Saturday, 10 September 2011

shedding some light on dark cards

The reality of being a Tarot reader is that there's no way to completely divorce card meanings from your own personality. We place our individual perception onto everything and that's actually what makes getting a reading so interesting and enriching - another person's point of view. If the meaning of each card was totally mechanistic and meant to be 'one size fits all', we could become first rate Tarot readers in a matter of months but the experience of getting a reading would quickly become dull and pointless. Tarot isn't about going through the motions. Each card works on a myriad of levels.

So, how do we deal with those cards that we personally feel negative towards? Those cards that give us a bad feeling as soon as we look at them or that don't seem to contain any positive messages? Recently over on Aeclectic Tarot there have been some discussions about cards that readers have difficulty viewing in a positive light. One reader said that they feel The Emperor is just a controlling, stubborn guy who won't listen to reason. Another said that The Empress seems spoilt, arrogant and unaware of the reality of life. I've often heard readers saying that The Hanged Man is a deeply frustrating card because it only seems to represent self-sacrifice, compromise, delay and struggle. And don't even get me started on The Devil, which many readers find problematic purely on the basis that querents' reactions to it are so varied.

Here are some practical steps to get you thinking about the cards you feel negative towards.

The importance of unbiased sources
Take another look at the book that accompanies your deck. How does it describe your negative card? Is it possible that you've learned a negative meaning from the book and been unable to shake it? It's important to remember that books can be flawed sources of information on card meanings because they were written by an individual who might well be casting a negative light onto certain cards. Just because someone's published doesn't mean they're higher beings who have managed to get rid of any stereotypes or personal bias. I've read books that described The Fool as an arrogant idiot, The Wheel of Fortune as representative of gamblers and alcoholics and, frankly, at times the Queen of Swords has just come across as a total bitch. Freeing yourself from the extreme opinions of others is a good first step.

Try aspecting practice
If you see a card as completely negative in every situation it's obvious that you're being far too mechanistic. A good way to shake this habit is to try placing your negative card in the middle of a three or five card reading and write detailed notes on how the cards around it have swayed and altered its meaning. Each card in a spread is 'aspected' by the other cards, meaning that it's altered and influenced by the other messages and circumstances. Let's say your negative card is The Emperor. If The Emperor represents the present situation, how does its meaning change if The Star on its left represents the past and The World on its right represents the future? How is The Emperor's identity changed if it's surrounded by lots of Wands? If The Emperor and The Empress appear in a spread together, what could that mean? Try doing this exercise three or four times with each of your negative cards.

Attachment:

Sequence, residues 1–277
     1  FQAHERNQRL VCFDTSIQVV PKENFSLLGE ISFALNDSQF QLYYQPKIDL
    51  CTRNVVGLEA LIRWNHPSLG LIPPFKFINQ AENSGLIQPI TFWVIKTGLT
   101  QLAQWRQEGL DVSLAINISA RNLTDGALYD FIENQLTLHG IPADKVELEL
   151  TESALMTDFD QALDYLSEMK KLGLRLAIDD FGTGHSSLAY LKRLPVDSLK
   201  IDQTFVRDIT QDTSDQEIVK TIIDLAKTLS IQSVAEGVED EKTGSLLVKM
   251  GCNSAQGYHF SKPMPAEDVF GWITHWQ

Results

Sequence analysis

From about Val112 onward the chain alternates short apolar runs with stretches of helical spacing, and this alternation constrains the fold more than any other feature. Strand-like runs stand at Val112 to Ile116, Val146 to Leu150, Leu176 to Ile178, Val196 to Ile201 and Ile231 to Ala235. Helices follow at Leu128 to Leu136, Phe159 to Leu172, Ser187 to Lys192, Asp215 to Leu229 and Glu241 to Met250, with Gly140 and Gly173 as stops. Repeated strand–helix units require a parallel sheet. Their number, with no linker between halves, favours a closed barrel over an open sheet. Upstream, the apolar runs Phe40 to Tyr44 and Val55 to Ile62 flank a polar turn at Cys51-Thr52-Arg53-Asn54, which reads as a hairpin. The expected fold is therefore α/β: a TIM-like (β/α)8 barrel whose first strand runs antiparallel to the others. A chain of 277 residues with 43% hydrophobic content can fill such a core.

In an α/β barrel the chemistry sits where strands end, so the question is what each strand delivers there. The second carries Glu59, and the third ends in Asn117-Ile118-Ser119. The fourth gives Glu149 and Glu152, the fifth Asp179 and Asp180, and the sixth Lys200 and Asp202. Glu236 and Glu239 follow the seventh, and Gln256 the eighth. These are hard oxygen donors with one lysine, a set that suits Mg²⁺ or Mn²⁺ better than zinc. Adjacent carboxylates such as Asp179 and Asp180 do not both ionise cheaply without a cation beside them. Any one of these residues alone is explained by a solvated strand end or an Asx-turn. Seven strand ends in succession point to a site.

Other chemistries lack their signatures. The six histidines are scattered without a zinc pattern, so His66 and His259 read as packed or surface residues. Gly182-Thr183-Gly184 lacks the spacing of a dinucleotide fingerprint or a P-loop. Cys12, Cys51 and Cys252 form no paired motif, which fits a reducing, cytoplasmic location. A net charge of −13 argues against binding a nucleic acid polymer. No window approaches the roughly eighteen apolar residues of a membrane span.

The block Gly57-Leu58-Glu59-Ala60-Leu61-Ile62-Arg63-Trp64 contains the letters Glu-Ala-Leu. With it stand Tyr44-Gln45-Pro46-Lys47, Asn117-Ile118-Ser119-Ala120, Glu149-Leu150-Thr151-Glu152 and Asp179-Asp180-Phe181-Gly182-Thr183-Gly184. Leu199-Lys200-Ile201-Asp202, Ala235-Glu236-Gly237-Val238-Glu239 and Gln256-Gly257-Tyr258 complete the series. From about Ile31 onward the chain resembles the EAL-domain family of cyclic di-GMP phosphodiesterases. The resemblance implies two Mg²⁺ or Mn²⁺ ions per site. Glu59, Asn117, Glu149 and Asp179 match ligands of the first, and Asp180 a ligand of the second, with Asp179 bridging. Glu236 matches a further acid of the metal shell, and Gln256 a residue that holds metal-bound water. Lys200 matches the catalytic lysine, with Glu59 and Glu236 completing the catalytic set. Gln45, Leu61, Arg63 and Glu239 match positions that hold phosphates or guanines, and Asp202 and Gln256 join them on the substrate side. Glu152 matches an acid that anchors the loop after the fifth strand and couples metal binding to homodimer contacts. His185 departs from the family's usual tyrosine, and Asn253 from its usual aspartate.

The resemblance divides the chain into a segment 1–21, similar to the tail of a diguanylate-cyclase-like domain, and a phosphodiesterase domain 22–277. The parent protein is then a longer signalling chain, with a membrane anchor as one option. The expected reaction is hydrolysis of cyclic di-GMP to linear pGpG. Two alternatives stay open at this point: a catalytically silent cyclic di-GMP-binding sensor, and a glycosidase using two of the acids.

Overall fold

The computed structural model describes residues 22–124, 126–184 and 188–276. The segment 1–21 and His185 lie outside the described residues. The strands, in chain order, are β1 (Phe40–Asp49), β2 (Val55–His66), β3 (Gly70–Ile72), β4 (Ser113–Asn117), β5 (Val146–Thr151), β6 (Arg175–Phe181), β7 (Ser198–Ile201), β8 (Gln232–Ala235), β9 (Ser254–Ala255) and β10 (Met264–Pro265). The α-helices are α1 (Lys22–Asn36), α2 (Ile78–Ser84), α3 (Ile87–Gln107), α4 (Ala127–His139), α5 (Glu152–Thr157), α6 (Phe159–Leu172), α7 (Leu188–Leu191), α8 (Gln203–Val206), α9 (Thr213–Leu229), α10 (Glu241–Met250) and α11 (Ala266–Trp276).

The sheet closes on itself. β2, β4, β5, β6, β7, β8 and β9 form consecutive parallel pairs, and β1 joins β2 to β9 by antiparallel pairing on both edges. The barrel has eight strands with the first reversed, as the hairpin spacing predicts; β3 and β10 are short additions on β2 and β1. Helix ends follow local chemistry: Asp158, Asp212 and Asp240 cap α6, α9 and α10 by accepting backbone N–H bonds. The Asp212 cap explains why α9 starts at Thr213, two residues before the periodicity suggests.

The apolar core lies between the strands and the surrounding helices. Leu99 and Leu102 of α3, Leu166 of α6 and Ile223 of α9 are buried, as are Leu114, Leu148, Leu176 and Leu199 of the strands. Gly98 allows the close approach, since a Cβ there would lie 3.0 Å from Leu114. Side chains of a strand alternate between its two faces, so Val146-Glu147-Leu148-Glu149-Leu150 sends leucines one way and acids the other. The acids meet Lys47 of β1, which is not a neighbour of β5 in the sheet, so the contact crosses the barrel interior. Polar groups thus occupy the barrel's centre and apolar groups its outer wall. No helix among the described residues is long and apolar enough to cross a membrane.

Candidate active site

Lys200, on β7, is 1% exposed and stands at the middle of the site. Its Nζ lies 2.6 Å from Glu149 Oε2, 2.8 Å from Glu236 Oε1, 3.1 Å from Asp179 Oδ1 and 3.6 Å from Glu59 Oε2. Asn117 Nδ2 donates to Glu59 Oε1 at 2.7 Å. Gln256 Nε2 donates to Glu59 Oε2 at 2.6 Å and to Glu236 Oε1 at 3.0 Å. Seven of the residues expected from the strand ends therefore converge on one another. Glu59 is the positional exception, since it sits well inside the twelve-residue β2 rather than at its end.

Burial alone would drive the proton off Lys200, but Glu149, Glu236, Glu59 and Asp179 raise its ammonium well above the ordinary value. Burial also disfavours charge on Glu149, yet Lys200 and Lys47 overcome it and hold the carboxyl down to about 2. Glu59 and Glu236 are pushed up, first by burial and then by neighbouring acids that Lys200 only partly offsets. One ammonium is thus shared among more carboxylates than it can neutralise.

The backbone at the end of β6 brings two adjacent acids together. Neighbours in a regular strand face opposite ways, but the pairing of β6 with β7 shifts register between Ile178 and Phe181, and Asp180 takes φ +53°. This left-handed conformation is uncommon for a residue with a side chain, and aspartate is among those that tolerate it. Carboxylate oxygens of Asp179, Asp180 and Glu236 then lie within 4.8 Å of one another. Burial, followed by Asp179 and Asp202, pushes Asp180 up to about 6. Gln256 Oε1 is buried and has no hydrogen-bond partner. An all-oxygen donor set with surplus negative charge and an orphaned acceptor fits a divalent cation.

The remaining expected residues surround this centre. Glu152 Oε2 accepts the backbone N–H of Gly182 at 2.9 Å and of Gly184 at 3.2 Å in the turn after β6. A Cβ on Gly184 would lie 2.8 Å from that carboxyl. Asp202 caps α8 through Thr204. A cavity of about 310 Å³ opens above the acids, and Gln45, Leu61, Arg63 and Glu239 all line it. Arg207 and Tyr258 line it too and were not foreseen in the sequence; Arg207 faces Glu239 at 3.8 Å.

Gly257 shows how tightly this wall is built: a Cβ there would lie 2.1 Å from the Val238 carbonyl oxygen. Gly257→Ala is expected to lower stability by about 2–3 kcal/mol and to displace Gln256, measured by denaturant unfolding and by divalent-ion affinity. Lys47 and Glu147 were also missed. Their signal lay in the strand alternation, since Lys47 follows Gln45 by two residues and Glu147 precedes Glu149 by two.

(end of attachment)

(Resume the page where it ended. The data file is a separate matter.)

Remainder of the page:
What's your problem?
Place the negative card in front of you and write down a list of all the reasons it gets on your nerves. You might start with writing things like, 'I just want to punch The Emperor in the face' but eventually you will come to the deeper reasons behind your negative perception. Let's say you've written, 'bully, doesn't listen, self-opinionated, cold-hearted.' Now try to pinpoint which people or situations those character traits remind you of. When have you been the victim of a self-opinionated person? Have you been on the losing end of a bully you felt you couldn't fight against? This exercise frees you up to let go of your pointless bias and move on with the card in a more productive way. It's not fair on your querent to paint a card in a totally negative light but it's also not fair on the card itself. What has it ever done to you?

Ask other readers
Ask other readers what their perception is of your negative card. Sometimes it's tough to remember that what rings true to us might not have even entered someone else's head. (Believe me, I know from experience. I recently got involved in a discussion about The Star that made me question if we were even talking about the same card!) If other readers can glean positive messages from your negative card, it might not be so bad after all. Maybe you're just stuck for inspiration and finding there's a blockage when you try to imagine what the hell could be good about this card that pisses you off. Other readers are the best people to answer that question and to show you that, in the end, every card has its positive uses and die-hard fans!

What does the querent think?
It might be worth holding your negative card up to the querent when it appears in a spread and asking them what they feel about its image and symbols. The Empress might look like a spoilt, snobby aristocrat to you but the querent might see a glamorous, empowered woman who's in control of her own environment. If the querent can see the positive influence of the card it means they're feeling positive about their own chances of finding a solution to their issue and your negative card has been a part of that. So, it can't be all bad. As you get different perceptions from different querents you'll build up a more rounded definition in your mind which will serve to help you get more from the negative card in the future.